Sampling Wenzhou cuisine

We were lucky enough last weekend to meet with Carol and Max and their new staff for the soft opening of their new restaurant, Wenzhou Fish, Noodles & More.

Now, it’s easy for a westerner to think of Chinese food as a single category. We tend to have more experience with Cantonese cuisine, and for many North Americans, that is the definition of “Chinese Food”. In reality, there are many, many varieties of Chinese food. Some of us may be aware of the famously spicy Szechuan cuisine.

Enter Wenzhou and its cuisine. I am no expert on it – yet – but at least one dish is new to me: “Knock (or Knocked) Fish Soup”. This is made from boneless fish that has been flattened (and tenderized) by pounding and sliced into noodle-like ribbons. This is served in a lightly-flavored soup with noodles. Side condiments include white pepper and rice vinegar. Subtle and delicious!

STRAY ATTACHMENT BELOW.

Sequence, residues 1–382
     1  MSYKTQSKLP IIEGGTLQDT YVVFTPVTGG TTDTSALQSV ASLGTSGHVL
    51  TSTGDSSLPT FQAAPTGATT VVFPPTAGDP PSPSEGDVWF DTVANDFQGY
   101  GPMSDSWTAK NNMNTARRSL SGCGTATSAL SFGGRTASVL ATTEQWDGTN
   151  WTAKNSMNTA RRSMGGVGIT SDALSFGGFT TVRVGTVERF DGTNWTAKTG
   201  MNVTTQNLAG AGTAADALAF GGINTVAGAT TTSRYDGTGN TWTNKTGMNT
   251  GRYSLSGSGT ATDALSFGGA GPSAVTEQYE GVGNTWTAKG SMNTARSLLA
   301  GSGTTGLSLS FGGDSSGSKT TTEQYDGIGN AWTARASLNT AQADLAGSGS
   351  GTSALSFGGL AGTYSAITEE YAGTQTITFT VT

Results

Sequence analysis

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When we arrived at Wenzhou for the soft opening, they had been mobbed by local Wenzhou-ese and had already run out of Knock Fish. Instead, we were treated to fish ball soup, jiaozi (gyoza or pot stickers), stuffed pita, a kind of Chinese black sesame mochi, and something I wasn’t expecting: chop suey!

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Chop suey is, of course, not a native Chinese dish, but was evolved by the Chinese who came to California during the Gold Rush. It is typically based around stir-fried vegetables. This is what we see advertised in an old photo of the Ken Ying Low building on Sixth Street in San Jose’s Japantown.

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